Currently there are several currencies pegged to the euro, some with fluctuation bands around a central rate and others with no fluctuations allowed around the central rate. This can been seen as a safety measure, especially for currencies of areas with weak economies, as euro is seen as a stable currency and therefore would prevent collapse of currencies pegged to it, unless the euro itself were to collapse or the country were to run out of euros to exchange for their currency.
A few currencies remain pegged to the euro by virtue of the fact they were already pegged to one of the predecessors to the euro before the euro's introduction. The French franc and the German mark were the most widely used pre-euro currencies for pegging.
|Currency||Code||Units per euro||Band||Pegged Since||EMU||Remarks|
|B&H konvertibilna marka||BAM||1.95583||1 January 1999||Formerly pegged to the German Mark (since November 21 1995) at par, hence same rate as DEM to EUR|
|Bulgarian lev||BGN||1.95583||1 January 1999||Formerly pegged to the German Mark (since July 5 1999) at par, hence same rate as DEM to EUR|
|Cape Verdean escudo||CVE||110.265||1 January 1999||Formerly pegged to the Portuguese escudo (since 1998) at 1 PTE = 0.55 CVE|
|Danish krone||DKK||7.46038||2.25%||1 January 1999||ERM II|
|Estonian kroon||EEK||15.6466||15%||1 January 1999||ERM II||Formerly pegged to the German Mark (since April 1992) at 1 DEM = 8 EEK, therefore the rate is 1.95583 × 8|
|Comorian franc||KMF||491.96775||1 January 1999||Formerly pegged to the French franc (since 23 November 1979), at the end it was 1 FRF = 75 KMF, therefore the rate is 6.55957 × 75|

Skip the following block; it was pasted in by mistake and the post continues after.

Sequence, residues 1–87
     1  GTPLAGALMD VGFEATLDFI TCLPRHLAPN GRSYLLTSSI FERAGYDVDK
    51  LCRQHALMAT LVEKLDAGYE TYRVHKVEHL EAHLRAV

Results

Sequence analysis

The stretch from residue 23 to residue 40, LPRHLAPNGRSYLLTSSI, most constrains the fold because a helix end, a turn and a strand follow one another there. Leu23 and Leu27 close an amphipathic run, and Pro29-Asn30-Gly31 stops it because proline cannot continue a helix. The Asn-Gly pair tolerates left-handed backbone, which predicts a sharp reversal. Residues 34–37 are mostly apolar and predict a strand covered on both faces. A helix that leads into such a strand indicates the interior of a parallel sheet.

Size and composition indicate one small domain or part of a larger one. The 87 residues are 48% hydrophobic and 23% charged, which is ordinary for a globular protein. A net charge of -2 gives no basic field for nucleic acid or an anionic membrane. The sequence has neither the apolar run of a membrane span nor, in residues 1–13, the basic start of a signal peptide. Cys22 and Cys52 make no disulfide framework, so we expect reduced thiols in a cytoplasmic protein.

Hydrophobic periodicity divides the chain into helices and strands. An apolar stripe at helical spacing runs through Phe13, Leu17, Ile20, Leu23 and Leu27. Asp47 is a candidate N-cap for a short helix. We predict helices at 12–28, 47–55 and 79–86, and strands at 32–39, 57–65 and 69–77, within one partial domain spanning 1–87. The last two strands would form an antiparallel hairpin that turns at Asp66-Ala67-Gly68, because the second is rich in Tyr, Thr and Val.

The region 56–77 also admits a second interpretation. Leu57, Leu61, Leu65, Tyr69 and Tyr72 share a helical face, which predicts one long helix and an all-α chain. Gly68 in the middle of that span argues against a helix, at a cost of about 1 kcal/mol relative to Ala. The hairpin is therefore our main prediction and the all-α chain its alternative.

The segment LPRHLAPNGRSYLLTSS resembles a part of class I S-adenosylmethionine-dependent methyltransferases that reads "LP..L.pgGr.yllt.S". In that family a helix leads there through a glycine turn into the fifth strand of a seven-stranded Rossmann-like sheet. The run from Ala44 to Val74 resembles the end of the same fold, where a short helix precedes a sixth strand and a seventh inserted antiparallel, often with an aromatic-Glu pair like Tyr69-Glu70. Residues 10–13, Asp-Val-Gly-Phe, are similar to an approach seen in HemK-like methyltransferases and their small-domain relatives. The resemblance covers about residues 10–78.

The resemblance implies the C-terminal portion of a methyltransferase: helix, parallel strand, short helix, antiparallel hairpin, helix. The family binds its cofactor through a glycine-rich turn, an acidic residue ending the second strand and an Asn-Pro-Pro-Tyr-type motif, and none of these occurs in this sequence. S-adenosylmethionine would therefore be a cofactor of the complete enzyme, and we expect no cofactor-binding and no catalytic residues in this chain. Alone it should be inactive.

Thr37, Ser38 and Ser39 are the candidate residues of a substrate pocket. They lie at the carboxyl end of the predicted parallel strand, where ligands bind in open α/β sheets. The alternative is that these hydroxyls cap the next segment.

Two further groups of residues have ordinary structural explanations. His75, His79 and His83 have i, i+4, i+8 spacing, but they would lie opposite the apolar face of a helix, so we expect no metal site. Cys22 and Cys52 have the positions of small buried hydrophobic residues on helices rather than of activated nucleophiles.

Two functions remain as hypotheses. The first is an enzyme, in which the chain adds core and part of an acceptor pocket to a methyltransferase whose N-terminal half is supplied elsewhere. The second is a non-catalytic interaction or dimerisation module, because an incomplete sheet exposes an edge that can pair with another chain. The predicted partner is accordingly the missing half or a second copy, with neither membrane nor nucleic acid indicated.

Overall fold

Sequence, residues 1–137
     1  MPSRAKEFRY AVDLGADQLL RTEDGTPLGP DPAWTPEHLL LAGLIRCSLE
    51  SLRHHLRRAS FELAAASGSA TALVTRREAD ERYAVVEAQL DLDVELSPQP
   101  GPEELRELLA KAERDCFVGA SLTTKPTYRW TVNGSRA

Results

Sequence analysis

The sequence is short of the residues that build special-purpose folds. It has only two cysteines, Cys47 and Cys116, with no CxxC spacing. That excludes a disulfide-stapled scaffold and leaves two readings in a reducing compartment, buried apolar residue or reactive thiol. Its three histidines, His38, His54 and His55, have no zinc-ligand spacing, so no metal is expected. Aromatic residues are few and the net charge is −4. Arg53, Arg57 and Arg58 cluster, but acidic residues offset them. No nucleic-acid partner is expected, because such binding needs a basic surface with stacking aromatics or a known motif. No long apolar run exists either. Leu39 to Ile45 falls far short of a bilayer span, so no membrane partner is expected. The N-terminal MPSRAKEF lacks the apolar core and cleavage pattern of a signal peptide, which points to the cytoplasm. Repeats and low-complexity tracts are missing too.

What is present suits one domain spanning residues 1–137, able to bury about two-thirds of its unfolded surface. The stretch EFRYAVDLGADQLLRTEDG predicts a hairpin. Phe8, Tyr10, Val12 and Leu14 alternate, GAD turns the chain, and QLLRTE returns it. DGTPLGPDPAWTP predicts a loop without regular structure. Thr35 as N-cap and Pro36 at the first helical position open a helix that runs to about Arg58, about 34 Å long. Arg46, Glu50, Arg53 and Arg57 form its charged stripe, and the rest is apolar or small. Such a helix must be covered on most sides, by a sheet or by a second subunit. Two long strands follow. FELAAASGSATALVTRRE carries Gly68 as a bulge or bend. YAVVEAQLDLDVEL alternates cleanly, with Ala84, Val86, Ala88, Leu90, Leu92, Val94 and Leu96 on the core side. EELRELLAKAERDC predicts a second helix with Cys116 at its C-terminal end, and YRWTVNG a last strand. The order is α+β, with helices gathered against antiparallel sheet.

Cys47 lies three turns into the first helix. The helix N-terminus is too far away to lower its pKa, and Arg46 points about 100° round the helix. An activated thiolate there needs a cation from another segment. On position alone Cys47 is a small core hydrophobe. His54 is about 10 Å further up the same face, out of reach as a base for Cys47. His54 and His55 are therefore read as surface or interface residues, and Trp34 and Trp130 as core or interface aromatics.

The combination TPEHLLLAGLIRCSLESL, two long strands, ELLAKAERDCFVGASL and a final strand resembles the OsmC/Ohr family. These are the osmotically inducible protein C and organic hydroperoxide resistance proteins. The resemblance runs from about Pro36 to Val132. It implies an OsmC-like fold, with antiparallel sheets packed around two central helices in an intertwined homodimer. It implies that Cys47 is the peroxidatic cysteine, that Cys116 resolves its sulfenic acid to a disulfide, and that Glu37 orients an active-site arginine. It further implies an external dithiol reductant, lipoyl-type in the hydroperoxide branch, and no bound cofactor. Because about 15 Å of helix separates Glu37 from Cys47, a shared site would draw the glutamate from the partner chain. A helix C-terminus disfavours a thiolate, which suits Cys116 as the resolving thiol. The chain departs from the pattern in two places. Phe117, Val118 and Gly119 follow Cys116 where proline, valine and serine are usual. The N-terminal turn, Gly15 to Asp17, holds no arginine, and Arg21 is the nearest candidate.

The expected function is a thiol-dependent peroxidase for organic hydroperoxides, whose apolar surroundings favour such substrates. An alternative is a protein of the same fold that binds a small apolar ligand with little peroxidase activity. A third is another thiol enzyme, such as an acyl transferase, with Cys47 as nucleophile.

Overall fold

|Lithuanian litas||LTL||3.45280||15%||2 February 2002||ERM II|
|Latvian lats||LVL||0.702804||15%||1 January 2005||ERM II||The lats floats within a ±1% margin in practice|
|Moroccan dirham||MAD||≈ 10.0||1 January 1999|
|Pacific franc||XPF||≈ 119.332||1 January 1999||Formerly pegged to the French franc (since 21 September 1949), at the end it was 1 XPF = 0.055 FRF (⇔ 1€ ≈ 119.2649 XPF). Rate redefined (XPF slightly weakened) at 1 XPF = 0.00838 €|
|Slovak koruna||SKK||38.455||15%||28 November 2005||ERM II||The Slovak koruna has been allowed to strengthen (it was at 34.91 Sk/€ on Dec 18, 2006), although it still must stay within the 15% band.|
|35.4424||15%||17 March 2007||ERM II||The rate was readjusted.|
|30.1260||15%||29 May 2008||ERM II||The rate was readjusted.|
|Central African CFA franc||XAF||655.957||1 January 1999||Formerly pegged to the French franc (since October 17 1948), at the end the rate was 1 FRF = 100 XAF, therefore the rate is 6.55957 × 100|
|West African CFA franc||XOF||655.957||1 January 1999||Formerly pegged to the French franc (since October 17 1948), at the end the rate was 1 FRF = 100 XOF, therefore the rate is 6.55957 × 100|
Convertible mark is the currency of Bosnia and Herzegovina and it was fixed to 1 German mark when it was introduced on the basis of the Dayton agreement; consequently after introduction of the euro, the Convertible mark uses the German-mark-to-euro rate at 1.95583 BAM per euro.
A number of other currencies are related to the euro in the manner without being actually pegged to it or officially restricted to a certain fluctuation margin. For example, the Pound sterling until the summer of 2007 hovered around £0.68 per euro, but since then has depreciated to £0,79 per euro. The Swiss franc has in recent years hovered around 1.55 CHF per euro and the Croatian kuna around 7.35 HRK per euro. Several other currencies of countries in the vicinity of the Eurozone (the Moroccan dirham being one) have been virtually pegged to the euro, usually in an effort to control inflation by the respective national banks. Some of these actually track the euro more closely than a couple of currencies which are officially pegged, namely the Slovak Koruna, which have been allowed to strengthen due to strong foreign investment, exports, and economic growth.
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